out to the light”[1]. It is a very complex style,
giving the artist a creative freedom not
connected to any rules. The only rule is that the
branches are to begin at 2/3 of the trunk height
[20]. The treetop is very ascetic, thin and wavy
trunk, with many visible bends. This style is
usually met on sea sides or places where the
trees have a good light access.
The inspiration for this style is the Pinus drawn
on works of the artists from southern Chinese
school of landscape painting called Nanga
[13]. The creators of this school were never
professional artists. They used to travel and
live alone in mountain shelters and dedicate
themselves to painting, calligraphy and
contemplation. They were commonly called
“Literates” [14]. Their style is strongly based
on the calligraphy. The expressiveness and
creative freedom show that even conservative
Bonsai masters have recognized its beauty.
Pots should be modest, thin, and circular and
have very toned in light colors. The pot
diameter should not exceed 1/3 of the tree
height.
Best tree types for bunjin style are Pnus, Picea
and Juniperus.
Fig.9, Bunjin by Katarzyna Pietraszko
Hokidachi – broom style - “Complete
harmony in light air”[1]. This style mirrors leaf
trees usually met in open spaces. The name of
hokidachi comes from its tree-tio shape, which
resembles an upside-down broom. The tree-top
is very regular round shape and cover almost
2/3 of the total tree height. The braches should
be of same thickness and should grow out of
the top of the trunk. The trunk itself is very
simple and has a strongly built (nebari). Plants
shaped in hokidachi style mark their
naturalness and simplicity, which reflect their
unpretentious beauty.
The pots for the hokidachi style should be
rectangular, oval, square, octagon or circular.
The often used tree types for shaping are
Ulmus, Cupressus, Betula, Acer, Fagus,
Quercus and blossoming and fruitful trees
Fig.9, Hokidashi by Katarzyna Pietraszko
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Fukinagashi – wind style - “Bent by wind”[1].
High mountain and seaside trees are the
inspirations for this very dynamic style,
because of the strong wind usually met in the
above named places. The most characteristic
feature of this style are the branches all turned
in one direction, symbolizing the wind
direction. The tree trunk may be inclined in the
same direction as the braches or, in order to
maintain the balance – in the opposite
direction. The Bonsai masters recognize two
sub-styles: trees reflecting the permanent wind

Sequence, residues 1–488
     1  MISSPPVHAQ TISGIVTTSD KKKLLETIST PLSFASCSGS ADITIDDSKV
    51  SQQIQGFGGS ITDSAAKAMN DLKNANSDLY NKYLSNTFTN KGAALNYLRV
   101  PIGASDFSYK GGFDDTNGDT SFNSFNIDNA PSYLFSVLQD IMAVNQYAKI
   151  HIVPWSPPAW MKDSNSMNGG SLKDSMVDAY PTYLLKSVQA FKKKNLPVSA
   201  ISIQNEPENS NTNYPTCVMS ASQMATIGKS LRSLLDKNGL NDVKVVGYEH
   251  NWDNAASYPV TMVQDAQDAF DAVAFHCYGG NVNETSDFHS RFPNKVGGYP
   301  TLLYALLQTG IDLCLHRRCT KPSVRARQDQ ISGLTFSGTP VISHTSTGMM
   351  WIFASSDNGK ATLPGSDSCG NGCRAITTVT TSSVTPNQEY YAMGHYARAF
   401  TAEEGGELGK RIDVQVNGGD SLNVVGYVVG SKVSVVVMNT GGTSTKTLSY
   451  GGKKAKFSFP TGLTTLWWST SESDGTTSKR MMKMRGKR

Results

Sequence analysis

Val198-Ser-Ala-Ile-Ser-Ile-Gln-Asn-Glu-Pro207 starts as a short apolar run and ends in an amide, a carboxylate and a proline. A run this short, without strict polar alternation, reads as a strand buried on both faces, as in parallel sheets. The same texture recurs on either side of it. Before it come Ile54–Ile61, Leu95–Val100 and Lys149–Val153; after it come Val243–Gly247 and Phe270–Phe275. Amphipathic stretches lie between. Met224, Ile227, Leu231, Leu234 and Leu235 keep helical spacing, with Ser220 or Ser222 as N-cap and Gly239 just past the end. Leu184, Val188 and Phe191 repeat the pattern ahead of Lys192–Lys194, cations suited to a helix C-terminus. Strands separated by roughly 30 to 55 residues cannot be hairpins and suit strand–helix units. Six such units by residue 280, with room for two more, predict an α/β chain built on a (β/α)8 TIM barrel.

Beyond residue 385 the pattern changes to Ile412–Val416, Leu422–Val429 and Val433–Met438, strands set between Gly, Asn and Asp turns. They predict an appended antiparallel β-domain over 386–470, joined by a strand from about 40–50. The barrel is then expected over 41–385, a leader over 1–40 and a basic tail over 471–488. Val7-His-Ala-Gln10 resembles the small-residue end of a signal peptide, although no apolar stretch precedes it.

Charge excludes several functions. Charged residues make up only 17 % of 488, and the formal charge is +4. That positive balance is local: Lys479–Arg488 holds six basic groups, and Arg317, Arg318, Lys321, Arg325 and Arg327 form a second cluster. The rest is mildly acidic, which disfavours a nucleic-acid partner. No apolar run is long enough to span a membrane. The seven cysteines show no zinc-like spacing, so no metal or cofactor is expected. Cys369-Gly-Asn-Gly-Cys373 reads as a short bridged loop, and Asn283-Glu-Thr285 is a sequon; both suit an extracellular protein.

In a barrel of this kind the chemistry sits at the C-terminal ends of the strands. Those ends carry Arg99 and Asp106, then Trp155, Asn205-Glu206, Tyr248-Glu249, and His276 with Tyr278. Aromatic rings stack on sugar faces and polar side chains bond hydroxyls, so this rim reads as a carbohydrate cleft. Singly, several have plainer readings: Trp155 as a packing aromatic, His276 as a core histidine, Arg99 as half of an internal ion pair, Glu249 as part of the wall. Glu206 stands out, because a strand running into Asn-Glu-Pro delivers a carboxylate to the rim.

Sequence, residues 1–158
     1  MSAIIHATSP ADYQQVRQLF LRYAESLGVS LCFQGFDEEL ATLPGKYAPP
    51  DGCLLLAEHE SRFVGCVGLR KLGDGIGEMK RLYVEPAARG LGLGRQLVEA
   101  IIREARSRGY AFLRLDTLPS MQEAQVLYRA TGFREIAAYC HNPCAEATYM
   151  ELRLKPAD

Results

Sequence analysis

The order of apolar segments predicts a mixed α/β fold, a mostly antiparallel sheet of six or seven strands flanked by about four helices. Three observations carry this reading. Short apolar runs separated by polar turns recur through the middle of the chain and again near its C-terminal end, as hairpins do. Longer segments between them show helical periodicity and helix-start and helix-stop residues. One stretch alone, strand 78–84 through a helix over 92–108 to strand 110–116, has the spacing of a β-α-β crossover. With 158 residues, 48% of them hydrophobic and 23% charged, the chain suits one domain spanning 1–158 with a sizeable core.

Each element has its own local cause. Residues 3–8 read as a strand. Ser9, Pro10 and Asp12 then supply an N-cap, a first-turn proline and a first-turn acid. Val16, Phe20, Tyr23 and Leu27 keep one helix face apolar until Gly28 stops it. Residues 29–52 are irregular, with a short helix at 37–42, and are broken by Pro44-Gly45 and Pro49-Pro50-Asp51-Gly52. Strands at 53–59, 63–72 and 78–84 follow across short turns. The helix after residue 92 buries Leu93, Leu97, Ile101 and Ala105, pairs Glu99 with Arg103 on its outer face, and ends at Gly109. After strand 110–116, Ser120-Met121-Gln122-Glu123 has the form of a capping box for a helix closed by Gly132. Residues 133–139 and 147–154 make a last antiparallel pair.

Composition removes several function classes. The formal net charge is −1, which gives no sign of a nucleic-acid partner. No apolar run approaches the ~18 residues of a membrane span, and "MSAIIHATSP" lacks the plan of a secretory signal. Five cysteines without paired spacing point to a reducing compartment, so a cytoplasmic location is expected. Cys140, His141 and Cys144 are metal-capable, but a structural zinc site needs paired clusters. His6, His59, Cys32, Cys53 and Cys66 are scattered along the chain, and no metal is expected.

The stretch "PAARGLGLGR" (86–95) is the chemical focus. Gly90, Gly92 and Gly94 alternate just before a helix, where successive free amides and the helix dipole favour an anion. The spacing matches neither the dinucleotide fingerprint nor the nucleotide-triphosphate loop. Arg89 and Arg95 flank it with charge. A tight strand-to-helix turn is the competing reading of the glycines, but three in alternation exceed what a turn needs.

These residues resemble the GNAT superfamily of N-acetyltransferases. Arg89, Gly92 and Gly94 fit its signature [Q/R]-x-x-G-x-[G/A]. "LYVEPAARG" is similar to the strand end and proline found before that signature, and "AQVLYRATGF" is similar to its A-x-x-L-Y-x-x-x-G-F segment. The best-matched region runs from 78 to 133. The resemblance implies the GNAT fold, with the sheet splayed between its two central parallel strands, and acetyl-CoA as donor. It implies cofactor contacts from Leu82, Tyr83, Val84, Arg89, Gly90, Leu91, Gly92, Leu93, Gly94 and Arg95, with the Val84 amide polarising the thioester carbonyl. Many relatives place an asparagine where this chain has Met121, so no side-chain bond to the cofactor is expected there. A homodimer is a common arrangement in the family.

or rather trees hit by spontaneous wind blows.
The trees are never too dense, in order to
achieve the lightness of the composition.
In fukinagashi compositions fresh branches are
not allowed to grow, because they would
destroy the smooth style line. The pots should
be very thin and of oval shape. The shaping
process of the “wind shaped” tree is difficult,
but the resulting effect compensates the work
and patience. This style is usually formed with
Pnus, Acer and Ulmus.
Fig.10, Fukinagashi by Katarzyna Pietraszko
Negari – The negari style are formed with
uncovered roots, its archer are trees growing
on dams and on fast-flowing river basins. It is
an expressive style, dominated by plant
movement, similar to the one of the bunjin
form. Pinus and Ulmus are recommended for
this style. Circular pots should be very modest.
Fig.11, Negari by Katarzyna Pietraszko
4.2 Landscape forms and its reflection
on nature’s beauty
The landscape forms are widely known for
their experience with nature. During the
process of shaping landscape forms a big role
is given to the ability of connecting plant
types. It is a region of excellence for landscape
architects, since the rules for miniature and
real-size landscapes are similar.
The landscape forms described underneath are
characteristic because of multiple trunks,
which reflect their natural look.
Sokan/Soju Twin style tree. Sokan- “Man and
woman” or “Mother and child”[1]. Primarily
they are Salix or Alnus inclined over a brook.
Bonsai in this style presents with dual trunk,
the soju style, however, are two trees of same
type put next to each other in one pot. Bonsai
trees, in general, are potted in odd numbers per
pot to achieve their asymmetry. As mentioned,
despite its even number, they are differed by
different heights and growth process.
Under the trunk connection, no branches are
allowed to grow. In either of the styles it is
allowed for the tree diameter and height to be
the same. The difference in height should be
rationally same as the difference in diameter of
the two trees. The lowest branch of the lower
tree should always be under the lowest branch
of the higher tree. The branches of either of the
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trunks cannot collide with each other.
Recommended trees are Pinus and Acer.
Fig.12, Sokan/Soju by Katarzyna Pietraszko